The Batman (2022) Movie Review


The Batman (2022) directed by Matt Reeves is what I have been looking for ever since I fell in love with Batman comics. Simply put, this is the closest any film has come to the actual comics and takes the legacy forward. 

Until now, studios and film makers have focused as much on Batman, as on the jazz surrounding him i.e. the money, the bat-cave, the bat-mobile, the gadgets, the villains. These are all important pieces, but not essential. I know some people will say villains are essential but I beg to differ. Each villain has challenged Batman in their own way and he has been forced to evolve in order to counter them. However, if you break it down to the lowest common denominator, villains are nothing but metaphors - chaos, greed, fear, envy, corruption, power, or anything else mirroring the society that the Batman should overcome and grow through the process. Hence, they are the means to an end and should be seen in this light. This was my only limited issue with Nolan’s 'The Dark Knight' where Joker became the focal point of the entire film, over-powering everything else, including Batman. According to me, there are 3 things that are essential to Batman, far more than the villains.

Bruce Wayne & Batman and all their imperfections

They are not perfect, they don't always know what is going on or know the best way out of a problem. They are not indestructible, they can get hurt, they are afraid, they are men or rather 'a Man'. Mat Reeves showcases this beautifully and always goes for the subtle nudges rather than crude, in-your-face ones. The scene where Batman looks at the little boy across a room full of cops - you know he is seeing himself in that boy but nothing is said, no flashbacks or voiceovers to bring back memories of his past. Robert Pattinson brings pain and loneliness to his eyes and adds another dimension to this, making it so much more. Another beautiful scene is between Bruce and Alfred that brings forth Bruce/Batman's fear that he did not know existed - losing someone he is close to. In this dark & gritty avatar of Matt Reeves' Batman, there is no Rachel Dawes, no Robin. All Bruce has, is his relationship with Alfred, and he realises this the hard way. The film reminded me a lot of Batman Year 1 comic by Frank Miller in the way it handles the early days of Batman. 

Batman - The Detective

The caped crusader had his debut in Detective Comics #27, and went on to be known as the 'World's Greatest Detective'. In fact, some of his key adversaries like Penguin, Riddler and Scarecrow, all made their first appearances in these comics. Never before has this aspect of Batman been in focus the way Robert and Matt bring it out in The Batman (2022). Honestly, the entire feel of the film has more in common with first-person noir detective mysteries than a superhero film. It starts off with commentary from the lead character on the current situation of crime and how he fits into all of it. The tone is quintessential noir, and what follows, further builds towards a detective procedural, with Batman and Gordon following the leads to uncover the mystery. Reeves stays committed to this approach right through the film and never gives in to grandeur or theatrics. So there are no over-the-top moments and no orchestrated crowd pleasers. A couple of comics that I reminisced on this element were The Long Halloween and Hush by Jeph Loeb. Both these story lines are iconic and depict 'Batman - The Detective' while circling through many villains - from Carmine Falcone & Sal Maroni to Riddler and Joker (never indulging in any single one at the cost of the narrative)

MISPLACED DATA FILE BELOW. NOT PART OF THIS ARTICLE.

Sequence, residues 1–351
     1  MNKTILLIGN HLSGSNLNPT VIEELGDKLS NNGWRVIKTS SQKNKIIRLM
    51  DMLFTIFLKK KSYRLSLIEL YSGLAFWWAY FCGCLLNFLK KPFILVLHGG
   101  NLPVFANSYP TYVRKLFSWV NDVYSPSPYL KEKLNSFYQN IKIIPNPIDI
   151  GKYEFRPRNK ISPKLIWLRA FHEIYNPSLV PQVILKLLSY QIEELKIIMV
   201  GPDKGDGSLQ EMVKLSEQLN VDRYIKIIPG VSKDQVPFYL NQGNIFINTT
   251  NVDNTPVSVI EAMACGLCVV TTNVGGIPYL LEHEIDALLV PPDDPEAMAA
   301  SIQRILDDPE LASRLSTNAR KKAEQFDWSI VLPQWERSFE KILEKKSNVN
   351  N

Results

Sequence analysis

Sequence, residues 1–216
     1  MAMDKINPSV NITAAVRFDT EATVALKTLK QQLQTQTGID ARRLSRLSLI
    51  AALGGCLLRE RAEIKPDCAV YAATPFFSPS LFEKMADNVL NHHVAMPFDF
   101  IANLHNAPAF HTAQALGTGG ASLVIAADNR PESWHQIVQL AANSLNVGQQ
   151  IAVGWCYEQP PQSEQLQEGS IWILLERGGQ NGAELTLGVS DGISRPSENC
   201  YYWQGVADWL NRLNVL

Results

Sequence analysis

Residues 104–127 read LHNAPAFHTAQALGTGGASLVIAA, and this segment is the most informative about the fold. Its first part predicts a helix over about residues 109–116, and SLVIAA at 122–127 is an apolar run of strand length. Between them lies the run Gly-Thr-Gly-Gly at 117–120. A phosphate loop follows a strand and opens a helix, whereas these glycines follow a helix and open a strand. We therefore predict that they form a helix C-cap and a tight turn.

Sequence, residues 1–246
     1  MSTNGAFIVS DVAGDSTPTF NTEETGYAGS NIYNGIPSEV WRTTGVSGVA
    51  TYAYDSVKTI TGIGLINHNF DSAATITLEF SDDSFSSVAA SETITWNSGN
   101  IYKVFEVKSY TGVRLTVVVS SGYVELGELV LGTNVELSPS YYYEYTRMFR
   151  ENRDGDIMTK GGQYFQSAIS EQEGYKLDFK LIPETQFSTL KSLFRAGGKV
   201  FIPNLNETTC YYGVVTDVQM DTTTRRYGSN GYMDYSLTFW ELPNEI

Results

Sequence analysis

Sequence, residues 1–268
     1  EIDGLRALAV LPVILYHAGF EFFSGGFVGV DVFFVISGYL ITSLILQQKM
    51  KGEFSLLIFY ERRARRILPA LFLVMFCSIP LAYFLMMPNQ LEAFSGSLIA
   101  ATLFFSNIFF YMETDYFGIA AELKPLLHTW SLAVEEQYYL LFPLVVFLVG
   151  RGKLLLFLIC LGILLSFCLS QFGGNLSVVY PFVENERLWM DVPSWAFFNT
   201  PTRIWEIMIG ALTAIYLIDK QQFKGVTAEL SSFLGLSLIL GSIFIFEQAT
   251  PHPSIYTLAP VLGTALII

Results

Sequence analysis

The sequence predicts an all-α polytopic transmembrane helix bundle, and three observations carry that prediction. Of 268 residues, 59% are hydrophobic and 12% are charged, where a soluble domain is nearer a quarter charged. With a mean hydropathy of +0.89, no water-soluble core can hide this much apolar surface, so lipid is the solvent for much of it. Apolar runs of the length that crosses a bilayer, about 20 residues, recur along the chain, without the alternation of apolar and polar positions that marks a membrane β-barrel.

Gotham City

The last essential element to Batman, and one that is easily overlooked, is the depiction of Gotham City. If a film is unable to crack this, Batman's existence falls flat. Thankfully, Matt Reeves does a fantastic job with this as well and portrays a brooding Gotham, one that is crumbling under the weight of corruption, greed and violence. This is important because Gotham and Batman are symbiotic and feed off each other. Neither is the same without the other. The comic that came to my mind was Court of Owls. It is one of my favourite outings of Batman and showcases a similar Gotham that is broken by the wealthy, the powerful and the corrupt. The fact that The Batman (2022) hits all the right notes with the most important elements is proof enough that it will go down as one of the finest adaptations of the character. 

On top of all this, there are a couple more unexpected delights. First of those is Matt Reeves 'The Poet'. On several occasions, Matt's vision exudes so much beauty in the frames that it feels like poetry in motion. The inverted camera scene with Batman walking on the backdrop of fire is pure bliss. Another instance is the voiceover - "They think I am hiding in the shadows, but I am the shadows". No Words! The other high point was James Gordan. I was so pleasantly surprised at how easily Jeffrey Wright was able to take up the role of James Gordan  because he had very big shoes to fill (Gary Oldman). The chemistry that he shares with Batman on screen is instantly visible and adds so much to the narrative of the film. 

The Batman (2022) is an exceptional piece of cinema that will attain cult status very soon. It will be the benchmark against which all adaptations, past and future, will be evaluated.